Major Sports Leagues Strengthening Fanbase with Blockchain Technology


The three major sports leagues in United States, the NBA, MLB and NFL, now have all invested significant amounts of resources into the blockchain industry, hoping to enhance their fans’ experience.


Interest in blockchain technology by the U.S. major sports leagues is a result of an unlikely source.  In 2018 the web application CryptoKitties, from Dapper Labs, sold millions of digitized kittens. These cats function as collectibles and use blockchain technology to ensure that each cat sold is an authentic version. The digitized kittens also break the traditional idea that a product must exist in a physical sense for it to be rare. Many major league sports industries noticed this explosion in sales from CryptoKitties and believed they could sell collectibles or memorabilia using the same Blockchain tech.

NBA’s Blockchain Experiment

The most recent sports league to jump on the Blockchain phenomenon is the NBA. It is not the association’s first venture into the virtual world. Last year they premiered their Esports league with the 2K league, centered around the popular basketball video game NBA 2K. Within the past month, NBA signed a deal with Dapper Labs to bring NBA Top Shot to their fanbase. Here, fans can own a clip of a video that’s been converted into a unique digital token inscribed on a blockchain.

Additionally, owning these tokens will allow fans to participate in an upcoming fantasy league. Caty Tedman, Dapper Labs marketing executive, explained that more rare collectibles, such as Kawhi Leonard’s game winning shot in last year’s Eastern Conference Finals, will be sold at an auction while more common moments will have a fixed price. Furthermore, she disclosed that fans will have access to a secondary marketplace where they can buy used collectibles or sell their existing ones.

Top Shot is expected go live later this year during the NBA season, but for now there is a splash page where fans can complete an early sign up. There is a lot of excitement from the NBA team about this new connection to their fanbase. As a senior executive Adrienne O’Keefe stated, “This [will be a]groundbreaking game and what we believe will become coveted digital collectibles for basketball fans around the world.”

This new adventure for the NBA, however, does harbor some doubts, especially concerning Dapper Labs blockchain network of choice, Ethereum. The collectible kitties did prove too much for their software, bringing the network to a complete halt during CryptoKitties height. Dapper Labs has made improvements to Ethereum, hoping it will support a larger capacity. This past November the company raised $15 million, expanding the development of its own technology.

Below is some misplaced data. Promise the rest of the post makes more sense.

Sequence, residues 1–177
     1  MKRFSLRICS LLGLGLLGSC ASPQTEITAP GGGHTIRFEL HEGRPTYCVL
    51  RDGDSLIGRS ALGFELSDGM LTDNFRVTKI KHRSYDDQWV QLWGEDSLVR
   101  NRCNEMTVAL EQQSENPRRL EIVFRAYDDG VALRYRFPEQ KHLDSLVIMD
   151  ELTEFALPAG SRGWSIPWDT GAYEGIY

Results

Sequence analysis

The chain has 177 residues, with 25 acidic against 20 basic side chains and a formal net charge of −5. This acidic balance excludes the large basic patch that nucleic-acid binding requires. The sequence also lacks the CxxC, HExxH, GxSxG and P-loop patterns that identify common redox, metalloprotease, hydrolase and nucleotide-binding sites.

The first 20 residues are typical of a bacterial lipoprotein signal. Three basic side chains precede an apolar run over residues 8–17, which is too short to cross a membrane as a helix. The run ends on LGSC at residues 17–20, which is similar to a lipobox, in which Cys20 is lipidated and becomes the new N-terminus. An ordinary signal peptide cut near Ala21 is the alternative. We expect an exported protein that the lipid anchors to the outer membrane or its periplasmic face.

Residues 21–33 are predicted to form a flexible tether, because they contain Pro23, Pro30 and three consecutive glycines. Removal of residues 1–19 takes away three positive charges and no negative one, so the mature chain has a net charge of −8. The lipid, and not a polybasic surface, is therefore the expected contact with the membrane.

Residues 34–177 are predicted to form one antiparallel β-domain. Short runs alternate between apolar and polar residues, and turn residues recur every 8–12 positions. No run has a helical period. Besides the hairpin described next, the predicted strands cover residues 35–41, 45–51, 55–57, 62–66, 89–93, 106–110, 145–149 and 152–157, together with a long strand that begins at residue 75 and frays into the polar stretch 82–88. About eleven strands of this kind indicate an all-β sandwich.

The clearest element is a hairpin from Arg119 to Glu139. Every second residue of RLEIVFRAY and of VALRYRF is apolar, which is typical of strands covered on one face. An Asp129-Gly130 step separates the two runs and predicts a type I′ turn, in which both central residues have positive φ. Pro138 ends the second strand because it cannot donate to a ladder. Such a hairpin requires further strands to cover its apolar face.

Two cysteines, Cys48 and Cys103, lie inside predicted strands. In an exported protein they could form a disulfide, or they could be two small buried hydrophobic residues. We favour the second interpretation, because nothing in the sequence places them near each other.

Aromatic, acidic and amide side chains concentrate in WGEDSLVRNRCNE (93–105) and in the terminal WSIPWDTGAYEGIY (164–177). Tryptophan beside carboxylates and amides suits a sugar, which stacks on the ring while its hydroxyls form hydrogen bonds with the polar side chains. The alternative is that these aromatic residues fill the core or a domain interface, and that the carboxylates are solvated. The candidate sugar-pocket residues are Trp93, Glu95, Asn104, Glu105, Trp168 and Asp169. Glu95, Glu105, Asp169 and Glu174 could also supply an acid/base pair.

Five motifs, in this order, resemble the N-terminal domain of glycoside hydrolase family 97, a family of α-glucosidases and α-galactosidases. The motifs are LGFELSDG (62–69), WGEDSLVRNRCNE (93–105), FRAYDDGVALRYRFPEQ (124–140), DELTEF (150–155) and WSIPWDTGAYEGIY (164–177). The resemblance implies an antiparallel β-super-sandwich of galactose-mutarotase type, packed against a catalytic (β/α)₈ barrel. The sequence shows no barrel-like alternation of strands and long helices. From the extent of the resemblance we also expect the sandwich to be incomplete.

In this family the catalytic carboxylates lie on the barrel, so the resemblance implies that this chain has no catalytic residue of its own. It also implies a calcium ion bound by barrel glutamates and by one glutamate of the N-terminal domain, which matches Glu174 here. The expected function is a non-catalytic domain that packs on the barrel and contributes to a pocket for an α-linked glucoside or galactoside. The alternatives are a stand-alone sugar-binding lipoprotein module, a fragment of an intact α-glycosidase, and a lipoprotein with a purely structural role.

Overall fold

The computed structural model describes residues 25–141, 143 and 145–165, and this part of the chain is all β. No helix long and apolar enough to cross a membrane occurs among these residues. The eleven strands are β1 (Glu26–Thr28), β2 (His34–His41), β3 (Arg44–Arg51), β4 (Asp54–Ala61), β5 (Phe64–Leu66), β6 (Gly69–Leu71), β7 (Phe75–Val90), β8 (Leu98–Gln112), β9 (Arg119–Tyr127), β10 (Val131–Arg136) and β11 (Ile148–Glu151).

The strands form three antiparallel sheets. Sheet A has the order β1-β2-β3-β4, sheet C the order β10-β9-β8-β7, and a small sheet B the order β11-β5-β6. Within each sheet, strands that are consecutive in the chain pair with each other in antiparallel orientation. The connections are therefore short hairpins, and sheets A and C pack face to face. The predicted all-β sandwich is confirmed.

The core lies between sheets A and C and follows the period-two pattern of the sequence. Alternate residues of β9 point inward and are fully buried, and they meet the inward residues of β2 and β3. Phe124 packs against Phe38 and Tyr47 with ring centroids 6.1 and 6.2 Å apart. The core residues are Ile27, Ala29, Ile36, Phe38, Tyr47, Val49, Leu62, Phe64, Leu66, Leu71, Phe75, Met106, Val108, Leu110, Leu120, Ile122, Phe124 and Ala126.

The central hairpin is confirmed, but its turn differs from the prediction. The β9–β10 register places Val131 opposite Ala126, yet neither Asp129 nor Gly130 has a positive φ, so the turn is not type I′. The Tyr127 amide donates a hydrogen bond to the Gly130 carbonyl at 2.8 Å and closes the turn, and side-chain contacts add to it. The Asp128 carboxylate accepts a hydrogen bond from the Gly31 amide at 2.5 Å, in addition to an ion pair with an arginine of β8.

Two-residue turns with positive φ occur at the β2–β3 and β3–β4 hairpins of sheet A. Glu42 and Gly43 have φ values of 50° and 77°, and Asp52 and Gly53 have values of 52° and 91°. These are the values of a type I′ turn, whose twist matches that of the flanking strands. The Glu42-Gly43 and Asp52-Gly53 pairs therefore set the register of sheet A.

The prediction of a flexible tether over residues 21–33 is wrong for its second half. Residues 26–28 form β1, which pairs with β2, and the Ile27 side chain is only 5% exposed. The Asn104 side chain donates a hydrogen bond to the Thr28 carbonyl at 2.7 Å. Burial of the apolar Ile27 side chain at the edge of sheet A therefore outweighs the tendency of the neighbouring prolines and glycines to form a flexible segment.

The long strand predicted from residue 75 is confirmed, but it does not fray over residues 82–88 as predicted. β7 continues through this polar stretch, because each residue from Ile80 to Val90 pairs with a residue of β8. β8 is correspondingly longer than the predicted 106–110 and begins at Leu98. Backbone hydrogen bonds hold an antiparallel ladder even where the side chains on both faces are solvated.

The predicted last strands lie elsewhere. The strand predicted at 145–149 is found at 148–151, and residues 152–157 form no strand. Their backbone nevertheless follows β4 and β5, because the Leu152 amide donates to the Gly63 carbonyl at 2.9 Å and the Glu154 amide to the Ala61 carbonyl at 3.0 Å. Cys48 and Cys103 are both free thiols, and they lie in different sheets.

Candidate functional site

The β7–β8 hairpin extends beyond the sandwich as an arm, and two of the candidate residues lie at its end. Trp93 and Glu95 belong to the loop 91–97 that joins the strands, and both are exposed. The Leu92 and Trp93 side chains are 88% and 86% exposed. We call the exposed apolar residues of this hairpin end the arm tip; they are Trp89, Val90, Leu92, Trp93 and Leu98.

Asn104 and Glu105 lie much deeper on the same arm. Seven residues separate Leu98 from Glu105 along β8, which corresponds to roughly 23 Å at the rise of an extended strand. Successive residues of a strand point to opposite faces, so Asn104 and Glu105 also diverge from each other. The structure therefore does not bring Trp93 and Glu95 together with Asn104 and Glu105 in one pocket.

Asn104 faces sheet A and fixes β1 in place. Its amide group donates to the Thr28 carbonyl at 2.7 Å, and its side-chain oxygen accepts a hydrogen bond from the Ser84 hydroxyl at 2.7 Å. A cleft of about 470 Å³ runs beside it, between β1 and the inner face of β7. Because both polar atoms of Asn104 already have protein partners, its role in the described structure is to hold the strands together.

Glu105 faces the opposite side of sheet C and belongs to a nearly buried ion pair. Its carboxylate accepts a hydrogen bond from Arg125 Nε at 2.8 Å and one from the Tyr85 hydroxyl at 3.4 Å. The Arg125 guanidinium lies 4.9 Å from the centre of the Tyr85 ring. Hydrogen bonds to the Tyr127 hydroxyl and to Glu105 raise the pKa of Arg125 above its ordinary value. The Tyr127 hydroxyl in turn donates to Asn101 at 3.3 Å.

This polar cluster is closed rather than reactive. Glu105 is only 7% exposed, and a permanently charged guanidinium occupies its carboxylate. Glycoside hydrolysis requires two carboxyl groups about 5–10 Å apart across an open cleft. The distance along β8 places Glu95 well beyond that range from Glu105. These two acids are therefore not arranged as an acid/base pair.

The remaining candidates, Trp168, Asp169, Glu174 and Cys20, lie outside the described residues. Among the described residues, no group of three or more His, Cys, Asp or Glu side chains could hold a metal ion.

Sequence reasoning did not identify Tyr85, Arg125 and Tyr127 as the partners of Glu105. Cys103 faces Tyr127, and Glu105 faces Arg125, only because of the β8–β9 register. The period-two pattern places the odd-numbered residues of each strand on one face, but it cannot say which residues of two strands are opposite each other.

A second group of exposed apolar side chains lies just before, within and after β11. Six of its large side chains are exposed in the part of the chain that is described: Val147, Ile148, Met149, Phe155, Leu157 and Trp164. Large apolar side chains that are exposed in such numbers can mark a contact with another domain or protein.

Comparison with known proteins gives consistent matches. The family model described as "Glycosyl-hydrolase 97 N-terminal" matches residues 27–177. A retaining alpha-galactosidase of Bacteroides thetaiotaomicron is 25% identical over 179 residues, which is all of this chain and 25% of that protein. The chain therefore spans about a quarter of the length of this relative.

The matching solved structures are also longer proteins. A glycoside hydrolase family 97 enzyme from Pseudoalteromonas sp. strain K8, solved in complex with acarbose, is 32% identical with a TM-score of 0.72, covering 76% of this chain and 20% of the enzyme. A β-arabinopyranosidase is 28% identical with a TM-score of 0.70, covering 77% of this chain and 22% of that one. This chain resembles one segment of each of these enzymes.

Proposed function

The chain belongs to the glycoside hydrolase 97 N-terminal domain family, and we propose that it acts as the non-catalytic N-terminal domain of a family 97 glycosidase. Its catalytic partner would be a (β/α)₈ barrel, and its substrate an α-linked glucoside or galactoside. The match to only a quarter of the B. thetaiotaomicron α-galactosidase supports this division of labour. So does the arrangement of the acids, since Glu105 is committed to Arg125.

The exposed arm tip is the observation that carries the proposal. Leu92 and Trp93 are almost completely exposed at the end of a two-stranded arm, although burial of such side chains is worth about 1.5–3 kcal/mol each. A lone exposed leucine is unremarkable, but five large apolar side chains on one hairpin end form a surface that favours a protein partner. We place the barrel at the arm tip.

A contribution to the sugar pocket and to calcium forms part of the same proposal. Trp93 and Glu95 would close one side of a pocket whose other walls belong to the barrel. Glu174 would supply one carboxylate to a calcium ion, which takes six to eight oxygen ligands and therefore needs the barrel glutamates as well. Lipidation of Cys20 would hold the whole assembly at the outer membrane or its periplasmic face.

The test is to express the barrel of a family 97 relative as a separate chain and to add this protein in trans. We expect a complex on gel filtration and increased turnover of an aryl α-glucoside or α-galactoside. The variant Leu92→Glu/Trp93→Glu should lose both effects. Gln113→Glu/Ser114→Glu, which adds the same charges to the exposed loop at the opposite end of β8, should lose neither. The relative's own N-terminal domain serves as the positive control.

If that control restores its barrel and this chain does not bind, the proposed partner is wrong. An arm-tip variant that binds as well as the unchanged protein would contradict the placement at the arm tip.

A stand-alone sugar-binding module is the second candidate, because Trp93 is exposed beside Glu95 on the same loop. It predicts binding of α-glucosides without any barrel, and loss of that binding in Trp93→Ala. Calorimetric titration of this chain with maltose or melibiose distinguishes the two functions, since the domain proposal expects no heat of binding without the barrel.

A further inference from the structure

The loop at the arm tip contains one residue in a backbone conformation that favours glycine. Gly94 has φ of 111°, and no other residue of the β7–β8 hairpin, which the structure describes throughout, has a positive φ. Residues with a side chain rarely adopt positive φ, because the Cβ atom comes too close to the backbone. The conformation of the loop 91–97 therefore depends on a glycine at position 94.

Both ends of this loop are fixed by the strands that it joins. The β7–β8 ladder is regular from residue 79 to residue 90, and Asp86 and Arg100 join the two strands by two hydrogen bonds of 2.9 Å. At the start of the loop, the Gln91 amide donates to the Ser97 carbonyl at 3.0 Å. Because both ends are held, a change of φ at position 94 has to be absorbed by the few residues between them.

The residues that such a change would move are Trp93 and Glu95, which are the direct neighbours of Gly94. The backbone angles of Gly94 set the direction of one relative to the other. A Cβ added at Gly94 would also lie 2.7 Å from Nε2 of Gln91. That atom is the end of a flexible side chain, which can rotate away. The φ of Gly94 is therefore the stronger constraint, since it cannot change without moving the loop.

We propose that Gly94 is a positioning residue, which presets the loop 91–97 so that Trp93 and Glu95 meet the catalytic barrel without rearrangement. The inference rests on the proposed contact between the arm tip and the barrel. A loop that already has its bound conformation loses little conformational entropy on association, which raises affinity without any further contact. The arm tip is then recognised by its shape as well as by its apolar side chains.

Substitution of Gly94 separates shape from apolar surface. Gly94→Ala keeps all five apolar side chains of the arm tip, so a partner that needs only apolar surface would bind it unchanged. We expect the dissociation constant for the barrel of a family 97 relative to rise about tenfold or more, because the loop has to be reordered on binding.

MLB Champions

On the other hand, the NBA is not the first major sports league to draw in younger fans with this digitized feature. MLB partnered with Lucid Sight to bring its fans MLB Champions, which also runs on Ethereum. A bit different from Top Shot, fans draft players and win Caps, the in-game currency based on game card performance. Fans can also enhance the rewards earned based on lineup choices and game events.

The partnership seemed like a perfect fit for the sport to reach a younger crowd. As Kenny Gersh, MLB’s executive VP of gaming and new business ventures illustrated, “This is taking something that’s always been apart of baseball…the positive experience you’ve had with baseball cards or other collectibles, [and]bringing it to a younger and digital-savvy audience. And it’s the blockchain that makes it possible.”

Popularity of MLB’s Blockchain App

During the inaugural year, the app did not popularize as well as Major League Baseball hoped. In the first version of the game there is a huge learning curve, for younger generations. To start, fans have to own some kind of ether already and transfer it to a web plug-in called MetaMask. Despite all that, MLB Champions still posted impressive numbers for a new technology in its first year. They had more than $1.1 million worth of figure sales and trades with over 270,000 transactions. There were entire MLB teams that sold for $18.9k and even some single player items went for $7.5k.

In 2019 they started off the season with a draft sale of 6,500 MLB figures per team. Speaking with two representatives from Lucid Sight, Chase Kokal and Stephen Townsend, explained a greater concerted effort towards all users and streamlining their experience. Their aspiration for the game is that any individual can participate regardless of their knowledge of Blockchain technology. That mindset ties into their goals for the 2020 season. The game’s developers aim for a platform that’s free-to-play and enjoyable for all. At some point in the near, they even hope to have MLB events even when games aren’t happening.

NFL’s Blockchain Pilot

A typically conservative league, the NFL also stepped into the blockchain industry.  Around the same time Major League Baseball partnered with Lucid Sight, the the NFL Players Association bought a stake in SportsCastr, a company powered by the blockchain network FanChain. This network serves as the environment where past and present NFL players, along with assistance from the NFLPA’s Athlete Content & Entertainment, provide live commentary on football and other live sporting events. They debuted this product in the third quarter of 2018 and similar to the other leagues, fans use this platform to buy merchandise and even tickets.



Omari Caldwell is a journalist that specializes in tech, culture, politics and sports. He stays in New Orleans, LA where he attends Loyola University, studying History and Political Science and Spanish.

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